An interesting finding of Amarasingam that could be further explored in studies on immigrant activism is the conflict between identity claims and framing strategies. Disagreements over the use of the LTTE flag in public claims-making highlight the difficult task of communicating strategically to an undifferentiated external audience while maintaining a distinct identity. To reduce the complexity of the Tamil issue, activists used a “genocide frame,” given the ubiquity of the Holocaust in popular consciousness. While the familiar and straightforward frame tapped into the Canadian common sense and opened opportunities for engagement with the Canadian state, it failed to capture the complexity of Tamil political and identity claims in Sri Lanka. On the other hand, for Tamil Canadians, the LTTE flag represented their grievances as an oppressed minority in their homeland and their demands for self-determination. The upheavals of the Tamils, as symbolized by the jumping Tiger—an emblem of the Chola Empire, are central to the identity of the Tamil protesters. In the end, the use of the LTTE flag alongside a genocide frame made the narrative fidelity and credibility of frame promoters tenuous and problematic, since LTTE was considered a terrorist organization by a number of states.
But while waving homeland flags during demonstrations of migrants and refugees is controversial due to the conflation of identity and loyalty, for immigrant anarchists in the early twentieth century, “All flags look the same to us.” Immigrants Against the State is a historical account of how first- and second-generations Jews and Italians disavowed any form of loyalty to nation-states, rejecting the political systems of both the U.S. and their countries of origin. For them, while love for one’s place of birth is natural, the need to exercise authority over that place through the state is a false abstraction. Rather, affection for the nation as an imagined community encourages the forging of diverse voluntary affiliations. Thus, anarchists were “‘rooted cosmopolitans’ with attachments to their native cultures and languages, but were not ‘cosmopolitan patriots’ who supported their states of origin” (Zimmer 2015:8). Like in the spread of nationalism, common vernacular and the printed word were central in the dissemination of anarchist ideology and creation of collective identities.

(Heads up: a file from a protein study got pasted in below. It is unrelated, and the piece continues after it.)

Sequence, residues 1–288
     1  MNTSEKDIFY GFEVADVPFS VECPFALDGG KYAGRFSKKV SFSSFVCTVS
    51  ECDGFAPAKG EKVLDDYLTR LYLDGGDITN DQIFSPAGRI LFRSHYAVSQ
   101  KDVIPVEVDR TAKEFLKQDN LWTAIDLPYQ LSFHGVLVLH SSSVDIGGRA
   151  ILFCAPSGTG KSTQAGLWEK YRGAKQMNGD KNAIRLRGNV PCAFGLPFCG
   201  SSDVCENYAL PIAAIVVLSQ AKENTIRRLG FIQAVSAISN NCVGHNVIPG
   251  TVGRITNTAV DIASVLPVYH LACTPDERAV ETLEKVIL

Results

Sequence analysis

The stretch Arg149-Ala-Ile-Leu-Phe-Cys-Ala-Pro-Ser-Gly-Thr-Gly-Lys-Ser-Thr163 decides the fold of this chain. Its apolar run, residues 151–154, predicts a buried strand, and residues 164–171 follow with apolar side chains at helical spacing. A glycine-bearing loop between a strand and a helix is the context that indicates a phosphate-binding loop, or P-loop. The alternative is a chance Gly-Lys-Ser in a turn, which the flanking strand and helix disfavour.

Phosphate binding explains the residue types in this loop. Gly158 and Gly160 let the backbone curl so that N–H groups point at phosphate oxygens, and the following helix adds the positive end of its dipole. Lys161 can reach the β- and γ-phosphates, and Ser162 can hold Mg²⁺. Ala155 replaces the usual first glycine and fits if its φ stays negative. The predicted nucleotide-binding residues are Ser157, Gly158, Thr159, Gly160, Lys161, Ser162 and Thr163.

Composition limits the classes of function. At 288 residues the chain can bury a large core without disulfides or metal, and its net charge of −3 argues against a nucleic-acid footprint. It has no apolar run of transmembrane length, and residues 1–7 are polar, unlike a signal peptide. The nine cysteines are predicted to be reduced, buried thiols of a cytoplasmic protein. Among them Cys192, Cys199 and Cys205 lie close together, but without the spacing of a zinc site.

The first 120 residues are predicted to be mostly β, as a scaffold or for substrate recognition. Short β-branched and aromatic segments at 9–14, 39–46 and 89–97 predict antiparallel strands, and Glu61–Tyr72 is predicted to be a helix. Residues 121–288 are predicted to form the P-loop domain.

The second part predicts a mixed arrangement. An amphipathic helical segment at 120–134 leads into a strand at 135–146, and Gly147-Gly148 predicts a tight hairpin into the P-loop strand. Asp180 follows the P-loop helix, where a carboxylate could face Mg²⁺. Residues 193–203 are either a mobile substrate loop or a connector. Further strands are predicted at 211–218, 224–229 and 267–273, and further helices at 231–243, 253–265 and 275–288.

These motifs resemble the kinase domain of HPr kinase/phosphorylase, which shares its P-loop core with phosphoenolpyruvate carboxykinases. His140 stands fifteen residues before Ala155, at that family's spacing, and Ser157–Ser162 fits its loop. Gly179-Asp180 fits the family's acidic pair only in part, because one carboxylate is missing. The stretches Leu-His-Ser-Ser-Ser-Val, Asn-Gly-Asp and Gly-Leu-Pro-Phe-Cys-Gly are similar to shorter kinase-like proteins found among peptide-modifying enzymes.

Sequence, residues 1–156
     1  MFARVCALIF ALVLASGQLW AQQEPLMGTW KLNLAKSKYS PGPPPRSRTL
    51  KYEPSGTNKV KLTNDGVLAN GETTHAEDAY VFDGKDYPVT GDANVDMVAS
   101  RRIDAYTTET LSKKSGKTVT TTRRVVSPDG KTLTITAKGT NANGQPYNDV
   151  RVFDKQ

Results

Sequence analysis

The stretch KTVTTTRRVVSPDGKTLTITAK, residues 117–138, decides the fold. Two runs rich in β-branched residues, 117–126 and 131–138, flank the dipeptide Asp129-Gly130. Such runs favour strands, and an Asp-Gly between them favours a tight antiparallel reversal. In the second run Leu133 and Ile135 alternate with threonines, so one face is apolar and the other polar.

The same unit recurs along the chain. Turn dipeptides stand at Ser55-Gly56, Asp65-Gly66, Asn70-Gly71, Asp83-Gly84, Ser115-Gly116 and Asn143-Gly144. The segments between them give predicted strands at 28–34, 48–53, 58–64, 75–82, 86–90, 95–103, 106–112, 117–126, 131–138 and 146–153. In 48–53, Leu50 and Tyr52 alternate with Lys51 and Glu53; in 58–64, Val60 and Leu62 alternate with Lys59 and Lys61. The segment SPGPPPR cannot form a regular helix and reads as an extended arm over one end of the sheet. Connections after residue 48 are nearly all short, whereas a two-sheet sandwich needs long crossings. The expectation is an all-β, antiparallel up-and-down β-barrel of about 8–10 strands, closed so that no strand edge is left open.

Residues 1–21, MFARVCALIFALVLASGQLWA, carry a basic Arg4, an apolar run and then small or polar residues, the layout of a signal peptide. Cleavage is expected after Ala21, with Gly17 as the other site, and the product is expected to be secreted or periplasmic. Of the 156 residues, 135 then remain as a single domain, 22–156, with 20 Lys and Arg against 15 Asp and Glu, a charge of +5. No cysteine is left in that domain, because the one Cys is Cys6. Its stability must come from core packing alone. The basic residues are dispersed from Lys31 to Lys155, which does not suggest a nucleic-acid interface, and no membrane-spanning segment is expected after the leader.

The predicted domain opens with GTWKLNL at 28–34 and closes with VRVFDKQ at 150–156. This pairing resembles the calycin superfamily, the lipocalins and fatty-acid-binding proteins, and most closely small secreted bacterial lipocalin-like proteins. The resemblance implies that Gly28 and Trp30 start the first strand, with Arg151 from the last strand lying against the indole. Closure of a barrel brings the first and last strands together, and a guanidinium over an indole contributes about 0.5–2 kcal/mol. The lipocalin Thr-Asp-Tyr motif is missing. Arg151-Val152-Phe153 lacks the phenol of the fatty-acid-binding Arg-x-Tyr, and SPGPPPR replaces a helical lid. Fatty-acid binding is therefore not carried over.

The book utilizes a prodigious amount of data—mostly consisting of anarchist newspapers—and focuses on the dynamics of local and transnational connections in New York City’s Lower East Side; the Italian district of Paterson, New Jersey; and San Francisco’s North Beach neighborhood. Zimmer rigorously demonstrates how anarchism is inextricably linked to the immigrant experience, highlighting, for instance, the role of immigrant sites and enclosures (e.g., sweatshops and tenements in Manhattan and Brooklyn) in providing a free space for the development of Jewish American radicalism. In these spaces, immigrants translated anarchist ideology based on their existing social realities. Like the Tamils in Canada, the identity claims of immigrant anarchists are rife with antagonism within and outside their ethnic communities. Among Yiddish anarchists, stripping the Jewish identity of its doctrinal origins and right to a territory often led to the politicization of religious traditions such as Yom Kippur and Passover, wherein activists carelessly framed religious orthodoxy as opposed to secular revolutionary thought. At the same time, to foster a distinct type of Jewishness rooted on the yidishkayt that identified Jews as a people (folk), Yiddish anarchists became fully ingrained in the ways of life of their community, preventing them from coalescing with and translating their cosmopolitan ideals to non-Jews.
The chapter on immigrant anarchists’ engagement with anticolonial, anti-imperialist, antimilitarism, and other revolutionary struggles beyond America’s borders—aptly titled “‘The Whole World Is Our Country”—is particularly useful in theorizing transnational activism, especially since cross-border ties endured despite the absence of an international coordinating organization. Zimmer provides a compelling analysis of conflict and negotiation among anarchists in maintaining their antistate principles, while still extending support to national liberation movements. The dense networks and identities that arose out of transnational exchanges and circulation of ideas through informal meetings, newspapers, and overseas travels give evidence of how “anarchism was a movement in movement” and “a movement of movements” (Zimmer 2015:2 [italics in the original]).
I read Pain, Pride, and Politics and Immigrants Against the State consecutively. While I am not an expert on Tamil diaspora and anarchism, the themes in the books have given me a better sense of contemporary debates on immigration issues, especially those around national identity and loyalty—topics that will most likely be raised frequently in the run-up to November 8, 2016.